Prosecution lawyers on Saturday submitted a motion requesting the recusal of judges currently presiding over the ongoing trial of ousted president Hosni Mubarak, his two sons, former interior minister Habib El-Adly and a handful of senior police officers. The Cairo Criminal Court mandated with hearing the case has therefore suspended court sessions until the recusal motion is ruled upon on 26 September.
The recusal request was attributed mainly to a perceived lack of partiality on the part of presiding judges.
Prosecutors also complain that lawyers representing the families of protesters killed during Egypt's recent revolution were assaulted by police officers who barred them from entering the courtroom. Lawyers for the families of slain protesters also say they were not given a chance to question Mohamed Hussein Tantawi, head of Egypt's ruling Supreme Council of the Armed Forces (SCAF), when he appeared in court on Saturday.
While Tantawi’s closed-door testimony remains unknown to public, the lawyers' motion for recusal has led to speculation that his statements were not as decisive in their condemnation of Mubarak as had been expected.
Testimony delivered by Tantawi, who served as defence minister under Mubarak for more than two decades, had been expected to address the question of whether Mubarak had ordered the use of live ammunition against unarmed protesters during the course of the 18-day uprising. In a previous statement issued by SCAF, Tantawi had stated that the military had received orders to fire on protesters but had refused to do so.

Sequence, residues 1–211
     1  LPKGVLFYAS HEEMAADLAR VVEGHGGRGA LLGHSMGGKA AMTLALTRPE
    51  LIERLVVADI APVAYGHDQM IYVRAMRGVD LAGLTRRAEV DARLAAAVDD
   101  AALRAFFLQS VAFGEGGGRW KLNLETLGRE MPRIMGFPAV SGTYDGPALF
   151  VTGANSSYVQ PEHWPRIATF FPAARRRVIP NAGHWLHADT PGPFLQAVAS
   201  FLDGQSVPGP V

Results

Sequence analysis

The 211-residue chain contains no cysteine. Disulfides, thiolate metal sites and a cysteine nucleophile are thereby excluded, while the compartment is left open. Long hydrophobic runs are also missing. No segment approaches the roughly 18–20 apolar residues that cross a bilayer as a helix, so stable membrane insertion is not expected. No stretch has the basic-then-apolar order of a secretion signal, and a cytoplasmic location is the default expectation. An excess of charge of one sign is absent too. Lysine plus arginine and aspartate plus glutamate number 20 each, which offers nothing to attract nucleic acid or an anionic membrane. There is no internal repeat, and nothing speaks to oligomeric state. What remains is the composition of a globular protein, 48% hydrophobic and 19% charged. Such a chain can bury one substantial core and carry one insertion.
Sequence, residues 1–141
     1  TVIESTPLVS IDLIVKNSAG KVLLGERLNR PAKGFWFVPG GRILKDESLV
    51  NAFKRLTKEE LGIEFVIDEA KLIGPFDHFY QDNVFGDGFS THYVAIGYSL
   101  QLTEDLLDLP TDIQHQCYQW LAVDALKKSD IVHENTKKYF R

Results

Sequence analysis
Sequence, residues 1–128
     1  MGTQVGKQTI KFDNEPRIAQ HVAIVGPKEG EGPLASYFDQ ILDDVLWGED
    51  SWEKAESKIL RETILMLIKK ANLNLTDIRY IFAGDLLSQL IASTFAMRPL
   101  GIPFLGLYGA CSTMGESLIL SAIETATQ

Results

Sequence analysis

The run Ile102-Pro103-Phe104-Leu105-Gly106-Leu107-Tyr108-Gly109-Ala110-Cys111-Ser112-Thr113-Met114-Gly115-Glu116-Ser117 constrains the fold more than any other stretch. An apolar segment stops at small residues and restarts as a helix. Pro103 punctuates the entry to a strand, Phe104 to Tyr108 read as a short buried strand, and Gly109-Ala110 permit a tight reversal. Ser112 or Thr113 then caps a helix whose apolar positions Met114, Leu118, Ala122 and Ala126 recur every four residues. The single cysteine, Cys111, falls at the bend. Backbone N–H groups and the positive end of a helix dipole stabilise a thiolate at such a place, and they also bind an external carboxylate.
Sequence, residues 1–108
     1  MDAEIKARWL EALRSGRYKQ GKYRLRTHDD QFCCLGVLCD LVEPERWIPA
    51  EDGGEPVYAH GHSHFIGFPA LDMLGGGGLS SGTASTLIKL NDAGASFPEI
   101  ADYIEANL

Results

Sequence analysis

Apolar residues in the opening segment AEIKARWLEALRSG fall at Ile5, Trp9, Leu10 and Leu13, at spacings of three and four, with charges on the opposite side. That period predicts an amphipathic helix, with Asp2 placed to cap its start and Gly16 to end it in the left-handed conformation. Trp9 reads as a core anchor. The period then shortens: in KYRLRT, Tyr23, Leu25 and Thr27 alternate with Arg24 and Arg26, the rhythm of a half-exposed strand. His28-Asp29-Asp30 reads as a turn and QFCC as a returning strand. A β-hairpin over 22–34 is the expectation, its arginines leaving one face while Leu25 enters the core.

Mubarak has been formally accused of conspiring with El-Adly to kill peaceful demonstrators, more than 840 of whom were killed throughout the course of the uprising. Although the former head of state could face the death penalty if convicted, testimony delivered thus far has reportedly failed to hold Mubarak accountable for the crimes in question.
The court session featuring Tantawi’s long-awaited appearance began earlier than usual, wrapping up before most lawyers had even arrived to courtroom. According to reports in Egypt's flagship daily Al-Ahram, Tantawi answered a total of 26 questions posed by lawyers for both the prosecution and the defence.
Lieutenant General Sami Anan, SCAF's second highest-ranking official, had been scheduled to deliver testimony on Sunday before sessions were suspended. Sessions are expected to resume on 30 September following a court decision on the recusal request.
Lawyer and former lawyers syndicate chairman Sameh Ashour has called for a press conference on Sunday to explain to the public why lawyers had called for the judges' recusal.